The Official Cash Rate remains steady at the record low of 1.5 percent in Australia, with the Reserve Bank of Australia (RBA) having maintained its neutral stance for 30 long months. While most analysts have been expecting rates to rise before they fall, low jobs and wages growth may be enough to change the RBA's perspective. With inflation sitting at its lowest level since the third quarter of 2017 and employment conditions weakening, there are now multiple scenarios on the table for the RBA depending on what the economy does next.
There is an intimate link between interest rates and inflation, with more jobs and higher wages leading to more money in the economy and the possibility of a rate decrease in order to slow down the economy. On the other side of the coin, more unemployment or softer wages growth often leads to decreased consumer spending and the possibility of lower interest rates. The current level of inflation in Australia is 1.9 percent year-on-year, which is slightly below the 2-3 percent target set by the RBA.
While the RBA has been steady with an eye to increasing rates in recent months, their sentiment was noticeably changed in the latest announcement based on weak recent employment figures. While employment has grown by 2.2 percent over the last year, and 39,000 new jobs were created in January, the unemployment rate can't seem to drop below 5 percent. A number of analysts have noticed a weakening in employment conditions as big employment sectors such as retail and construction head further into contractionary territory.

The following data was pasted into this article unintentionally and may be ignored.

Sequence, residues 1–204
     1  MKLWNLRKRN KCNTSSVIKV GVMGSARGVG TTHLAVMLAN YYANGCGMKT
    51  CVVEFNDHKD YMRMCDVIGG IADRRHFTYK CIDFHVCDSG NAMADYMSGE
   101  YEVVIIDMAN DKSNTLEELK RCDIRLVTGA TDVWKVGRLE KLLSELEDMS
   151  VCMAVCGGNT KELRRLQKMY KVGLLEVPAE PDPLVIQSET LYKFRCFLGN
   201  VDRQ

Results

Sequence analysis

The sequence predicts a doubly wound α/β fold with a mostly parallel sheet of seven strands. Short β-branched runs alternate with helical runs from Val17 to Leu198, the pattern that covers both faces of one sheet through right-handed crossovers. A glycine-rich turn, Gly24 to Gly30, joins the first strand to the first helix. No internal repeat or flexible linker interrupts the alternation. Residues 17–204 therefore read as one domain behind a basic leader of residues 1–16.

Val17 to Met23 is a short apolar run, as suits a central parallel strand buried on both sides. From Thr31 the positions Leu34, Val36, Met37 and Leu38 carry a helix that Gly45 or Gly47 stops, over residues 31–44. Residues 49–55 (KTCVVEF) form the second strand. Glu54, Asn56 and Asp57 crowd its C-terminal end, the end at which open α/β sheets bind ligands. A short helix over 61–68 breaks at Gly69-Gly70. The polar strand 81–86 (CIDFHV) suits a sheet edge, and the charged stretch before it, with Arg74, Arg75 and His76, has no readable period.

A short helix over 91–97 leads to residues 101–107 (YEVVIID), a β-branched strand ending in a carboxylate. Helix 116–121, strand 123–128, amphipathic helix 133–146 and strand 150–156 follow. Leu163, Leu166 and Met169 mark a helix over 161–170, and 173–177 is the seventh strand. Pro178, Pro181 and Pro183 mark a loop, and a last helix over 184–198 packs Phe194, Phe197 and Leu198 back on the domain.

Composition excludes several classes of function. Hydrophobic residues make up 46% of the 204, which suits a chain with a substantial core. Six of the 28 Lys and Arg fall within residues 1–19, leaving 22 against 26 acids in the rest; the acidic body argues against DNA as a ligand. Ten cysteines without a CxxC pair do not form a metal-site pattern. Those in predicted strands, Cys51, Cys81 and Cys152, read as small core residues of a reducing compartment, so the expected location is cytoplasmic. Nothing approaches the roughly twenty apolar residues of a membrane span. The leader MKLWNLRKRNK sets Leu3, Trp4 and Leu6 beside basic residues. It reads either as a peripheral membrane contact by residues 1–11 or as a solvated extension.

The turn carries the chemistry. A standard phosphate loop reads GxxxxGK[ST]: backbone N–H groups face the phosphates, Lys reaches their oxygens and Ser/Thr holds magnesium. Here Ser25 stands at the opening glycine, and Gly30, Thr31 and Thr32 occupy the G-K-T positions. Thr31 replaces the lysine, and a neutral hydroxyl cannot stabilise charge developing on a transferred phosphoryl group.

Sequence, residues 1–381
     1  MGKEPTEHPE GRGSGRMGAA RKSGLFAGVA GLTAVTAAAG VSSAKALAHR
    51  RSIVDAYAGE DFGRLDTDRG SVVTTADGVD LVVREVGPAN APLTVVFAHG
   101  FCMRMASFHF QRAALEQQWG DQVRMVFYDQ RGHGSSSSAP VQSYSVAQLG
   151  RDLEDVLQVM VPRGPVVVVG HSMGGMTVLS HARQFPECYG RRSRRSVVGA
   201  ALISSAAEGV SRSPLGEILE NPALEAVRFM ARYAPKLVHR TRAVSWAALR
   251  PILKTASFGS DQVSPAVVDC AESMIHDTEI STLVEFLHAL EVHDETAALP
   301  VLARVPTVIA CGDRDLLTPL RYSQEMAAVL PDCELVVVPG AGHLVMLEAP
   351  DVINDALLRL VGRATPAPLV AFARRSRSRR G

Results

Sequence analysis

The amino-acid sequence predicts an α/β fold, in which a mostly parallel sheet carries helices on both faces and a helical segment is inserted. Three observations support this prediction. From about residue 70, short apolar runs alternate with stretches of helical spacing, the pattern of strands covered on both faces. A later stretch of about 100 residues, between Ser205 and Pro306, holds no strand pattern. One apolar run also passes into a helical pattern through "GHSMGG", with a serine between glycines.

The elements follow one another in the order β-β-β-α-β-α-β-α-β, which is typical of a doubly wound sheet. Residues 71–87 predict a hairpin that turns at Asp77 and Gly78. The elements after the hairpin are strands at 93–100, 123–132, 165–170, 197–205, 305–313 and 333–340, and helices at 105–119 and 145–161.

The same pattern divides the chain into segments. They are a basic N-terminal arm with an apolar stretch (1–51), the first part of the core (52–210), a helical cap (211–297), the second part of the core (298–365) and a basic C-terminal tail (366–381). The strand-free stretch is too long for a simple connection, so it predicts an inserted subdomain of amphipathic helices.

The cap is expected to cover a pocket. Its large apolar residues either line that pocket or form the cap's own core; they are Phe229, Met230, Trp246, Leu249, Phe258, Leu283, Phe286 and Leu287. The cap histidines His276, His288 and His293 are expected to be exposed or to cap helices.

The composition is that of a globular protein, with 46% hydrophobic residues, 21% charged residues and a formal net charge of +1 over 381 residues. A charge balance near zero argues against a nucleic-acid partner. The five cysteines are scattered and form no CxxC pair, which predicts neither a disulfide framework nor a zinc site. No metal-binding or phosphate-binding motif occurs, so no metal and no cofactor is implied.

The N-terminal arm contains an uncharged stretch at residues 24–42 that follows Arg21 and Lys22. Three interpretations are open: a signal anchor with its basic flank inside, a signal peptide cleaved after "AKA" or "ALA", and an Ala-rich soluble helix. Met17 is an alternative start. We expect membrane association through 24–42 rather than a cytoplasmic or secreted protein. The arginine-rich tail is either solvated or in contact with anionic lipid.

According to Matthew Hassan from Westpac, "The leading indicators are softening but they are not pointing to a collapse in employment - at this stage... We believe that employment growth is set to stall through the first half of 2019 but our 5,000 [jobs lost] forecast for February is more about monthly volatility than the start of a new trend... The shift is clearly starting to affect businesses willingness to hire and invest." said Mr Hassan, adding "Both job loss concerns and rising risk aversion raise the risk of a further move by households to rein in spending and increase savings, all of which would be consistent with our expectation of a significant 'wealth effect' drag on demand."
Westpac's consumer survey has also turned pessimistic, due mostly to renewed concerns about job security. Westpac economists have already come out saying they think the central bank will cut the official interest rate by a total of 50 basis points in 2019, which would bring it down to 1 percent. With the ANZ job ads series also pointing towards low employment growth at less than 2 percent, pessimism based on a weak jobs market seems to be catching. While most analysts are expecting a smaller drop of 25 basis points in August this year, a lot will depend on employment figures between now and then.
According to RBA Governor Philip Lowe, the current neutral stance of the RBA could be altered to drop rates if and when needed: “With monetary policy already providing considerable support to the Australian economy, it is appropriate to maintain the current policy setting while we assess developments... Much will depend on what happens in our labour market... We have the flexibility to do this if needed. We are not on a predetermined course.”
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